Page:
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When your family becomes "fake news"

When your family becomes "fake news"

“I gotta show you something,” my sister said.  It was a Facebook post that contained a series of boxes.  One was a picture of a pick-up truck, another was text about the theft of the truck, and then there was a picture of my nephew and his friend.  Stunned, I read and re-read the post, trying to comprehend what it was saying.  The text in this post assumed the boys pictured were the ones who had stolen the pick-up truck.

Now fully bewildered, the only thing I knew to do was to call my brother and sister-in-law and get the story.  My nephew and his friend were at the Rail Yards when they came across a cell phone.  Thinking it would be funny to take a selfie on the phone, they did just that and then returned the phone to where they found it.   Now, the owner of the stolen truck apparently had the cellphone in the vehicle when it was taken.  Using GSP, they tracked the phone and saw the selfie of the boys.  Assuming the boys were the thieves, they posted the picture on Facebook, hoping someone could identify them.

The post was shared hundreds of times.  Friends and co-workers who had seen the post called my in-laws to report this shocking revelation.  When my in-laws learned about all of this, they called the police, who then interviewed the boys, collected their statement, and then went on their way.  Life goes on, right?

Unfortunately, when posts are shared over and over on social media, they don’t die as quickly as you might think.  Honestly, the reputations of these families are now in the hands of the very unforgiving, quick to find blame, public.    These two high school boys have had their images associated with a terrible crime and most who saw the post don’t know anything about this horrendous misunderstanding.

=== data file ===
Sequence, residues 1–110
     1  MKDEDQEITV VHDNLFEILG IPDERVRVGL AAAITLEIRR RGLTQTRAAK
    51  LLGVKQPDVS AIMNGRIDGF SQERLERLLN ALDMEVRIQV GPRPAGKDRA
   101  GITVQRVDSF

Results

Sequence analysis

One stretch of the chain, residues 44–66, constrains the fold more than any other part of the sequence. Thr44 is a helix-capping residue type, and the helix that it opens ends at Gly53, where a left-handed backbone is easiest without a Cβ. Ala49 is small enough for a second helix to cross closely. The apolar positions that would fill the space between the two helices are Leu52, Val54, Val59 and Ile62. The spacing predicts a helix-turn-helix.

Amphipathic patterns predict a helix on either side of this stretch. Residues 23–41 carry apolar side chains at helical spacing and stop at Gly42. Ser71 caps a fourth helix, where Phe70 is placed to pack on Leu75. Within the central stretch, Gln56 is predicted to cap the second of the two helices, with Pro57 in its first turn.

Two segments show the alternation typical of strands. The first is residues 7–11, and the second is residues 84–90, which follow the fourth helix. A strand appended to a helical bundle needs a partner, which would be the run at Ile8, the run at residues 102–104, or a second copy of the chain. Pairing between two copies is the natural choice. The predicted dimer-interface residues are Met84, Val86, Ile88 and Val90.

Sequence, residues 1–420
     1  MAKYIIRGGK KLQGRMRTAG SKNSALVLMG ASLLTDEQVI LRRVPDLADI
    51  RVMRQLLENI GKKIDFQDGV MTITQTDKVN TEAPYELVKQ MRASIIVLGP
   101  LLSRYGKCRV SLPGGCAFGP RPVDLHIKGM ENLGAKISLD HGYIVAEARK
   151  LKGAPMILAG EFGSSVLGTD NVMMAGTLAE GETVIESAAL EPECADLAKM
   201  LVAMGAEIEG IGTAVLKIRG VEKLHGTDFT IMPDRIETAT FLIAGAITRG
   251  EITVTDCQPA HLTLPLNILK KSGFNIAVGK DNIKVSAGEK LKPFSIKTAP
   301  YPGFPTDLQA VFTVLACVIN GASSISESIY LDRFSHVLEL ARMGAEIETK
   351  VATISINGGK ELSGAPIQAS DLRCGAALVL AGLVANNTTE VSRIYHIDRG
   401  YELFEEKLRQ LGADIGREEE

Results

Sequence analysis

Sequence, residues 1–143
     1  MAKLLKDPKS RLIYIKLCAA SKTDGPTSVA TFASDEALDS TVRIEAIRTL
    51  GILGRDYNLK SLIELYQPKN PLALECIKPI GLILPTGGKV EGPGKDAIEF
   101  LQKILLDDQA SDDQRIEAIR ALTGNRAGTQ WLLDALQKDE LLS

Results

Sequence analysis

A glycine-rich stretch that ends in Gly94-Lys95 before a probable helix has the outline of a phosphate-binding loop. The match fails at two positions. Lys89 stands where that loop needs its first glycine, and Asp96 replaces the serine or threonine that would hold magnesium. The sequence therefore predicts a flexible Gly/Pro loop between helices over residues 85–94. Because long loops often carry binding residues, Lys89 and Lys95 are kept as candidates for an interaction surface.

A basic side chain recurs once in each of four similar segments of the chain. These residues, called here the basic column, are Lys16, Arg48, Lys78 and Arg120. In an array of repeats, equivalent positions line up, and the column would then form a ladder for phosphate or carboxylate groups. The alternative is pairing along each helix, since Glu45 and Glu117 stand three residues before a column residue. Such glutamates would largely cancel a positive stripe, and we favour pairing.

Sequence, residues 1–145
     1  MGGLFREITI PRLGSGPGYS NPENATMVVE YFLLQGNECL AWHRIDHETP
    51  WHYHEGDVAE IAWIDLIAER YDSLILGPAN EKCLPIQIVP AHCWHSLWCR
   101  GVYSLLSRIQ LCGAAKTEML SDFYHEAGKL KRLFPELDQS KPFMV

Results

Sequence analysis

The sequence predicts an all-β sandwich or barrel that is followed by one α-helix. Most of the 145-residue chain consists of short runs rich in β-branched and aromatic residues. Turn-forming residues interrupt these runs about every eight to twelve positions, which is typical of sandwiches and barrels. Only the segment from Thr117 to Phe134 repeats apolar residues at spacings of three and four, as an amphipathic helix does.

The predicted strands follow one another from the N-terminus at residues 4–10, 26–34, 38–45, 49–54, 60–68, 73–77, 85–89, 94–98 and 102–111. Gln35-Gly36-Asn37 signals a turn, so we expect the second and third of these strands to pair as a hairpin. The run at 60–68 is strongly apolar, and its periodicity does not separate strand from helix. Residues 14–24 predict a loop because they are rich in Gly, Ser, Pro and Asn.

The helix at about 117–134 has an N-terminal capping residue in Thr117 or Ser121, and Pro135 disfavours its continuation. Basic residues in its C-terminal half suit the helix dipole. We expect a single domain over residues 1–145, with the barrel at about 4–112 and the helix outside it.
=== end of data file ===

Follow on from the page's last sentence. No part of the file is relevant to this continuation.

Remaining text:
Now, what the boys did was foolish, to be sure.  I suppose a lesson learned is, when you see a valuable object on the ground (phone or otherwise) leave it well enough alone.  But for the grace of God, the same type of situation might have happened to me a few months ago when I found a wallet while out on a walk.  I took it home to see if I could determine the owner.  Thankfully, I was able to return it, but had someone snapped a photo of me taking the wallet and walking away, I would have been quickly labeled villainous by an army of social media consumers.

When you or your family become the targets of “fake news”, your view point on what you see online is definitely impacted.  No longer will I take posts at face value, and certainly, if I think it’s something that needs to be shared, I need to be diligent to go to the original source to learn all that I can before jumping on the bandwagon. I pray the couple that had their vehicle stolen will be able to recover it.  

I pray too that the damage done by false accusations to my nephew, his friend and their families will fall by the wayside.  And I certainly hope this account might help provide some perspective for all of us who consume “news” without considering origin and motivation.

Grace, stitches and shoes

Grace, stitches and shoes

The Greatest Showman in La La Land

The Greatest Showman in La La Land